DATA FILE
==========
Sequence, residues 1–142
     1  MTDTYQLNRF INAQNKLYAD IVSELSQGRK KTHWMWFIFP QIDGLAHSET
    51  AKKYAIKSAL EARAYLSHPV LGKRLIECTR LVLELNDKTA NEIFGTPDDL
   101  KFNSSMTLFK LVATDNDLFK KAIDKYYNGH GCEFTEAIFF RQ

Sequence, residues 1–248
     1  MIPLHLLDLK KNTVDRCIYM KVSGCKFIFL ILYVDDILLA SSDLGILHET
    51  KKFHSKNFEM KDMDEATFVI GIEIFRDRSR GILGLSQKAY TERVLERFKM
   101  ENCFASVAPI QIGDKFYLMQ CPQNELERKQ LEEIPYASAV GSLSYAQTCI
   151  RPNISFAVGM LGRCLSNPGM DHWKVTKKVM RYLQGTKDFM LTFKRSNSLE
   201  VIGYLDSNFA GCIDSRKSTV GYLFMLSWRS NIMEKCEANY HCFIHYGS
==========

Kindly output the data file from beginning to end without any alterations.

Sequence, residues 1–142
     1  MTDTYQLNRF INAQNKLYAD IVSELSQGRK KTHWMWFIFP QIDGLAHSET
    51  AKKYAIKSAL EARAYLSHPV LGKRLIECTR LVLELNDKTA NEIFGTPDDL
   101  KFNSSMTLFK LVATDNDLFK KAIDKYYNGH GCEFTEAIFF RQ

Sequence, residues 1–248
     1  MIPLHLLDLK KNTVDRCIYM KVSGCKFIFL ILYVDDILLA SSDLGILHET
    51  KKFHSKNFEM KDMDEATFVI GIEIFRDRSR GILGLSQKAY TERVLERFKM
   101  ENCFASVAPI QIGDKFYLMQ CPQNELERKQ LEEIPYASAV GSLSYAQTCI
   151  RPNISFAVGM LGRCLSNPGM DHWKVTKKVM RYLQGTKDFM LTFKRSNSLE
   201  VIGYLDSNFA GCIDSRKSTV GYLFMLSWRS NIMEKCEANY HCFIHYGS